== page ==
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John M. Goralka

How Did O.J. Simpson Avoid Paying the Brown and Goldman Families?

O.J. Simpson in court in 1994.

The name O.J. Simpson stirs a number of memories, including the slow-speed chase in the white Ford Bronco in 1994. Simpson was charged with killing his ex-wife Nicole Brown Simpson and her friend Ron Goldman but was acquitted. A $33 million civil wrongful death judgment was obtained in 1997 against Simpson. The judgment was not paid in any meaningful way for the past 27 years and, with interest, has grown to over $100 million. Simpson died on April 10 of prostate cancer at age 76.

Despite the Brown-Goldman judgment, Simpson lived a seemingly luxurious lifestyle. This is primarily due to two reasons. First, Simpson acquired his principal residence in the state of Florida. Article X, Section 4 of the Florida Constitution protects a Florida resident’s homestead from creditors. The Florida homestead exemption provides two types of creditor and family protection as follows:

Florida homestead protection. The creditors cannot force a sale of the homestead property before and at death. This exemption protected Simpson’s home from being targeted by the Brown and Goldman families pursuant to the wrongful death judgment. This protection had no valuation limit whatsoever. The entire value of the home was protected.

Restrictions on devise (inheritance) and alienation. This exemption seeks to protect spouses and family members living in the homestead. For example, the exemption impedes the owner from transferring the homestead to his mistress at death rather than his wife and children living in the homestead. During life, the consent of his spouse living in the property may be required for the sale of or a loan against the property.

Under Florida law, the protection is available only for property considered to be a primary residence. That property must be half an acre or less if located in the city. If the residence is not in the city, then the property cannot exceed 160 acres. Florida’s unlimited homestead exemption provided substantial protection for Simpson from the Brown-Goldman judgment. This exemption helped Simpson to maintain his lifestyle.

Many states have their own version of homestead creditor protection. For example, California’s law homestead protection is $313,200 at a minimum up to $626,400, the exact amount to be determined by reference to the countywide median sale price for a single-family home (adjusted for inflation). Nevada’s homestead law protects equity up to $605,000. Neither California nor Nevada is nearly as generous with its homestead creditor protection as Florida.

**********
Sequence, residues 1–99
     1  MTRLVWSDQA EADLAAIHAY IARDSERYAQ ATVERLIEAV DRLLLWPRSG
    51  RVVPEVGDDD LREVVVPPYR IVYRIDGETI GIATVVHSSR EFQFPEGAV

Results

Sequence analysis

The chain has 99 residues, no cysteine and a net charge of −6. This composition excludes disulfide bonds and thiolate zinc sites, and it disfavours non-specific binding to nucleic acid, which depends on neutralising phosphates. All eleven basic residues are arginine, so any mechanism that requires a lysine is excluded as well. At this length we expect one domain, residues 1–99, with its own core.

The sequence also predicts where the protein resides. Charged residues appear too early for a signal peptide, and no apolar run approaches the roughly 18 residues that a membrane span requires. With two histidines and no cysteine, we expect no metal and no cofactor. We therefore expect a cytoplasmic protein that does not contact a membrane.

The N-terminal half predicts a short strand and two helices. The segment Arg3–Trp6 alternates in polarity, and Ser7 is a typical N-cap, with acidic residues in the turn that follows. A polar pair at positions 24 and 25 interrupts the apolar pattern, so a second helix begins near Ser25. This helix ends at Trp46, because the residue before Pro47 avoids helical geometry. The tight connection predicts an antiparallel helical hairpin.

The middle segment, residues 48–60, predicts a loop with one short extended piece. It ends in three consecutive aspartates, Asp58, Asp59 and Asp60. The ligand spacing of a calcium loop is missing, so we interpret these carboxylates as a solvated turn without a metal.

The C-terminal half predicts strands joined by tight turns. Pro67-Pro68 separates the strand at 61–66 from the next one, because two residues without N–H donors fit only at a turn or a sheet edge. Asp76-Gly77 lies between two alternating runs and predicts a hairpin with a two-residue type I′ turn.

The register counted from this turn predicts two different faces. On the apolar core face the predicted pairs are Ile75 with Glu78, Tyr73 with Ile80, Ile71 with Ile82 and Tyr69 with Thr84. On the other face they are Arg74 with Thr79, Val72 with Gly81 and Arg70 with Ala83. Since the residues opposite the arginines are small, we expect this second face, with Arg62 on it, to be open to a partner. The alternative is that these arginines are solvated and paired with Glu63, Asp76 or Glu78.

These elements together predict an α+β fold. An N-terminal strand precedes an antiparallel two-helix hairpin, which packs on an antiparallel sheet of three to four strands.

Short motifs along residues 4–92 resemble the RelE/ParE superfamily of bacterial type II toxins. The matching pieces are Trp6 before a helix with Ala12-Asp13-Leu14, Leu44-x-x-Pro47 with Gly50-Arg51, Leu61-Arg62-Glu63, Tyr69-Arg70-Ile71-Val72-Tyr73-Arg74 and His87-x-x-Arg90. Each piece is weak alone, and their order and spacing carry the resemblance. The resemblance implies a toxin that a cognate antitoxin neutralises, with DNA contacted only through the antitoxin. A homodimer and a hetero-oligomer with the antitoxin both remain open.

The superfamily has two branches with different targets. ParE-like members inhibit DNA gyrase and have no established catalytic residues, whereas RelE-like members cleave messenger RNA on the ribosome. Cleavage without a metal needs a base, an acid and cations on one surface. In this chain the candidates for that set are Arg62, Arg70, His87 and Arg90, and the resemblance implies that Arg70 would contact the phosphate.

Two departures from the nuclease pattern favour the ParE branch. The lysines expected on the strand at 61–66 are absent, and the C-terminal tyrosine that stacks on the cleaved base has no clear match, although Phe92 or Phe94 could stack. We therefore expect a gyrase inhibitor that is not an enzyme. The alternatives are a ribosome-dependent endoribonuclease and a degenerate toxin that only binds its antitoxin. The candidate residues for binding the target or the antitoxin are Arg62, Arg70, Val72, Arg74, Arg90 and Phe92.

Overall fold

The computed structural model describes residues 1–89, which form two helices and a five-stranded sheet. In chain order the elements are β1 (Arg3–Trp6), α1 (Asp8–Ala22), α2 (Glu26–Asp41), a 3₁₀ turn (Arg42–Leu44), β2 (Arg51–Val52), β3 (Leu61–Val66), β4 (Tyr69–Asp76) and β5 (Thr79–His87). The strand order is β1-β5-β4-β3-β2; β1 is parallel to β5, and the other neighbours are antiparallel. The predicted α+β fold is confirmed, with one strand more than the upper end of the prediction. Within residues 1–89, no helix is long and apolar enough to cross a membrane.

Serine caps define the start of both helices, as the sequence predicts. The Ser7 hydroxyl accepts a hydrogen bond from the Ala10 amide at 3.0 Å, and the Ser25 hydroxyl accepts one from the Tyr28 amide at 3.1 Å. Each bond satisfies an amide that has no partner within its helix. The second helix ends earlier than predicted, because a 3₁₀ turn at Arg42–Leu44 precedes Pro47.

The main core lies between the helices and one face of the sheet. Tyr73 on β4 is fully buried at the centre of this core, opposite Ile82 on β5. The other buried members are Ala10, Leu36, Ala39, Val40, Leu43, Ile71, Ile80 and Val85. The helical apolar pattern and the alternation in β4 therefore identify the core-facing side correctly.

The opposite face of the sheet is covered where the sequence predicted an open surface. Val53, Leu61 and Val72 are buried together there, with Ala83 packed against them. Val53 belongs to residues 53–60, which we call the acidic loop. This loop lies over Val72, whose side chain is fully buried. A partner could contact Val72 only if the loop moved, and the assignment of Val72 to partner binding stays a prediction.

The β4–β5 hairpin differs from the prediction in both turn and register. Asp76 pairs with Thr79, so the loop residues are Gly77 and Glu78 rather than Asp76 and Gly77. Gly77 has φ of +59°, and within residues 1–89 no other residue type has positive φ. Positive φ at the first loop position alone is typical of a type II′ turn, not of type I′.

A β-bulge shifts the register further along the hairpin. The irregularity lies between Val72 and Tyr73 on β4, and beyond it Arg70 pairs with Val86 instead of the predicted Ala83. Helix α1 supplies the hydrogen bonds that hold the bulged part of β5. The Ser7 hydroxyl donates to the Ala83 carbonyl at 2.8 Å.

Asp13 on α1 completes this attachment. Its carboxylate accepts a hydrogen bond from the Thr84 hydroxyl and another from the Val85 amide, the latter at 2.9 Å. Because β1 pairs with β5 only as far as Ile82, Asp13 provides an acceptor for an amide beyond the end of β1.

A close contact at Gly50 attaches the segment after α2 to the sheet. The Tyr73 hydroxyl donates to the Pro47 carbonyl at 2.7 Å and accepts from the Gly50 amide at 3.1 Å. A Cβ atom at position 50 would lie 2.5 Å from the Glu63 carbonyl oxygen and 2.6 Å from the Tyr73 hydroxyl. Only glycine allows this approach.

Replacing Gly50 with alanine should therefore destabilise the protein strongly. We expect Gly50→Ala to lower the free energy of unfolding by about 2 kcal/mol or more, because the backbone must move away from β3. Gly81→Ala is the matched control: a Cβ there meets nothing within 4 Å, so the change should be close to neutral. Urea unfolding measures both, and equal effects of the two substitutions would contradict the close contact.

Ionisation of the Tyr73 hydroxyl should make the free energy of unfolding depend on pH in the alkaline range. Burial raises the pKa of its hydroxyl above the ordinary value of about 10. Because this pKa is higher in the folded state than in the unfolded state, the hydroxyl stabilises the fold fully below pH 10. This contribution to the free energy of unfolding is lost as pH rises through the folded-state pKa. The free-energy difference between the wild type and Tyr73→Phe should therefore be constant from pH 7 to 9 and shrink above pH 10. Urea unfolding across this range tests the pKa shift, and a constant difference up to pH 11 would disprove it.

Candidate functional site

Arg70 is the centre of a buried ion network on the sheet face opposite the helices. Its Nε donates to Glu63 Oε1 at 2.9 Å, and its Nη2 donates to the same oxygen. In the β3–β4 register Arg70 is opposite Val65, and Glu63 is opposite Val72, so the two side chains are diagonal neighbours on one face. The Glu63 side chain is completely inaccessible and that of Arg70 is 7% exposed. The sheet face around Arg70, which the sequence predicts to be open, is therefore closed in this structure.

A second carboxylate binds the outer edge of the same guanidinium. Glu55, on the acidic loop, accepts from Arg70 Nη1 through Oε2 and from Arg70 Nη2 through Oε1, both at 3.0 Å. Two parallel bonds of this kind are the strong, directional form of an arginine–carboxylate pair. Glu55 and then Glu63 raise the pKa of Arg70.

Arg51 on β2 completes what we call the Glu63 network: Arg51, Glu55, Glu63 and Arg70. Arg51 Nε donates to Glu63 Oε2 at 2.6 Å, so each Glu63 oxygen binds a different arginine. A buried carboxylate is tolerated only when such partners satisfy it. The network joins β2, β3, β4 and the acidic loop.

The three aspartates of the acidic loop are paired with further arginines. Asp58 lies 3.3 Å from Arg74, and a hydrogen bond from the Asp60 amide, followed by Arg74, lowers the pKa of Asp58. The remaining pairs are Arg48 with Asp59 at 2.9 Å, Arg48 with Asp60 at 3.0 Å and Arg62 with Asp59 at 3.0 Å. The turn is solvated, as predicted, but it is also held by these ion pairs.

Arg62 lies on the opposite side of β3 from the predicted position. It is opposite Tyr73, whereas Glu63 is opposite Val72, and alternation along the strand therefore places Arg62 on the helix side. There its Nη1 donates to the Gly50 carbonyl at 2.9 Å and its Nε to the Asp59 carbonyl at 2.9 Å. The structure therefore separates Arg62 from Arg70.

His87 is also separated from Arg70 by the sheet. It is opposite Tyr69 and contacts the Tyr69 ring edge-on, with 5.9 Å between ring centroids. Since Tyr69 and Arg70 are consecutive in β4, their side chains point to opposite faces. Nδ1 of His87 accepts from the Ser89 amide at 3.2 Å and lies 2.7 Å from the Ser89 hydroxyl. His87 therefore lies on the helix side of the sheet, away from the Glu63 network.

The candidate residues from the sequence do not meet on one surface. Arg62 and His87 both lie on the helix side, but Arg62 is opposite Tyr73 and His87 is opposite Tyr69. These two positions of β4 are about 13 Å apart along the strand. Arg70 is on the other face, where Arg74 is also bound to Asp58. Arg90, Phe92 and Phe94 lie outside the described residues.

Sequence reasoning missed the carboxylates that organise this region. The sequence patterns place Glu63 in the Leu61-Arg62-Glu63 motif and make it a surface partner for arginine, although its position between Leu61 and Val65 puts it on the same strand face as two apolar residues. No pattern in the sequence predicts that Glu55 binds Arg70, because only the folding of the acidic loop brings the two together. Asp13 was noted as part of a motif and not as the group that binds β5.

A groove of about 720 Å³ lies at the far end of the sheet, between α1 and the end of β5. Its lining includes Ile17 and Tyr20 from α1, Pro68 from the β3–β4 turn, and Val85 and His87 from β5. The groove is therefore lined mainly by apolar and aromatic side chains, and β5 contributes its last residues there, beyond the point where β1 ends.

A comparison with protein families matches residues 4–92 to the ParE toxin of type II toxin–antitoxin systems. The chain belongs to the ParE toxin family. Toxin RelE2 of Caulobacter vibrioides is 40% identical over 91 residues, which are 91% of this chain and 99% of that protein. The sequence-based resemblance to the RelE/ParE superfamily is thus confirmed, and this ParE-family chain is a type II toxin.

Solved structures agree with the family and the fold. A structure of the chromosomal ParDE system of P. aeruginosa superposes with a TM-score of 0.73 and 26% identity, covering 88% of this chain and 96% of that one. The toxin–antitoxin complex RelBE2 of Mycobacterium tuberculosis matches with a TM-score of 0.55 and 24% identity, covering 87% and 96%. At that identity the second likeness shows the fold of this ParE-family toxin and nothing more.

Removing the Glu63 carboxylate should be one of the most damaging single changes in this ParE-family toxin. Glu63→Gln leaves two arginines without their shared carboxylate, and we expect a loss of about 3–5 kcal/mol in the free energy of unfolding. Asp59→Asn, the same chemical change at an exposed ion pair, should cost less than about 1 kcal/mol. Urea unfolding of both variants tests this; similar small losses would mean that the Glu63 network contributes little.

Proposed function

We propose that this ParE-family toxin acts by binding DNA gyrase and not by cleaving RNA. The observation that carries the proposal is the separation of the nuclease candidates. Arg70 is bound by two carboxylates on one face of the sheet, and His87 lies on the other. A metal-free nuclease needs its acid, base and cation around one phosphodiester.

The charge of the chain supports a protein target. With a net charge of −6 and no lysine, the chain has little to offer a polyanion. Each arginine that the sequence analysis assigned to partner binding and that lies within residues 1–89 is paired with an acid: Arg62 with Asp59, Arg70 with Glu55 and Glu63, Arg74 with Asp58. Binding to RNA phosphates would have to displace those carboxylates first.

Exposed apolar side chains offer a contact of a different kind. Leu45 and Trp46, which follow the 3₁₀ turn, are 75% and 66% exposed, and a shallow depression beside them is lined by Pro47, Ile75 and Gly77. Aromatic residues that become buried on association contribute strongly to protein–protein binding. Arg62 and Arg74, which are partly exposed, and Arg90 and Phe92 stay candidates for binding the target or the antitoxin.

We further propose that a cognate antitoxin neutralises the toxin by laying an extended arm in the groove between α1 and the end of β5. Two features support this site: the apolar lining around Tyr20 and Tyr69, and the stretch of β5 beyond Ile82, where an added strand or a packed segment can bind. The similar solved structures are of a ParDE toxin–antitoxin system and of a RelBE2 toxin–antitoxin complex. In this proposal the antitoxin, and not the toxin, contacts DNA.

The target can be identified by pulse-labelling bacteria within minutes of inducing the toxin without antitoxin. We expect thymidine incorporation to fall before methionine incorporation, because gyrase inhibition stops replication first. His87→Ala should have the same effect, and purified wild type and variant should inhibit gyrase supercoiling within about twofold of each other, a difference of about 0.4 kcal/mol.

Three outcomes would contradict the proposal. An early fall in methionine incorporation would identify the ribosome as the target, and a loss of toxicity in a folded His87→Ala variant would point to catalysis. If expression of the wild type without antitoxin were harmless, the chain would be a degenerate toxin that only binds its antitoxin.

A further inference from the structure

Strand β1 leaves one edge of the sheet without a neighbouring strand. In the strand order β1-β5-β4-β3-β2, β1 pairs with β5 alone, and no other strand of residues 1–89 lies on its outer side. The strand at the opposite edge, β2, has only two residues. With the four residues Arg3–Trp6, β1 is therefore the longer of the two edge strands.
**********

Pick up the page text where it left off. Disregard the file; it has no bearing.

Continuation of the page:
Retirement assets were protected, too

The second reason Simpson was able to live a luxurious lifestyle has to do with federal protection for retirement assets. And he benefited from pensions from both the Screen Actors Guild and the National Football League (NFL). Pensions and retirement plan assets are often the best protected assets that we own. Virtually all ERISA-qualified pension plans are federally protected from both creditors and bankruptcy. This includes most defined benefit pension plans, 401(k), profit-sharing or money purchase plans.

Simpson’s pensions, combined with his Florida homestead, allowed him to live very comfortably despite the Brown-Goldman judgment. This is a significant consideration for us all regarding our own asset protection plans.

Note that traditional IRAs, Roth IRAs, SEP and KEOGH plans and 403(B) plans are not provided with federal protection. Those accounts may be protected at different levels based upon state law. For example, California’s law allows you to protect only what’s necessary to support you and your dependents at the time of your retirement.

Two key questions are typically asked in a California court:

  • Do you need retirement funds now? If so, how much?
  • Will you be able to replenish those funds for retirement if awarded to a creditor?

If you are 40 years old, healthy, employed with an appropriate salary, you are less likely to be protected than if you are 69, suffering from medical issues and unemployed.

Note also that inherited IRAs are not afforded any creditor protection at all. The U.S. Supreme Court in Clark v. Rameker, 573 US 122 (2014), determined that an inherited IRA is no longer considered to be retirement funds under the bankruptcy code. Inherited IRAs are, therefore, not entitled to any protection whatsoever. Clark v. Rameker involved an IRA inherited by the account owner’s daughter. Undecided to date is whether the funds going to a surviving spouse would be guaranteed protection. Note that a surviving spouse can roll those funds into his or her account, which may protect from this risk.

Separate stand-alone retirement legacy trusts may be used as the IRA beneficiary to provide the missing asset protection for beneficiaries. Greater control over distributions can be obtained with the retirement legacy trust.

It’ll take time to sort things out

Time will tell how much of Simpson’s assets will be paid to the Brown and Goldman families. The executor of Simpson’s estate, Malcolm LaVergne, initially vowed that the Goldmans in particular would not receive anything, though he has softened his stance since then, according to CBS News. That decision is not really under his control and will depend on the amount, nature or type and title to assets held at the date of Simpson’s death.

Much of Simpson’s net worth was lost in his criminal trial and in the civil trial that followed. We do not know if Simpson’s pension provided any benefit to his heirs upon his death.

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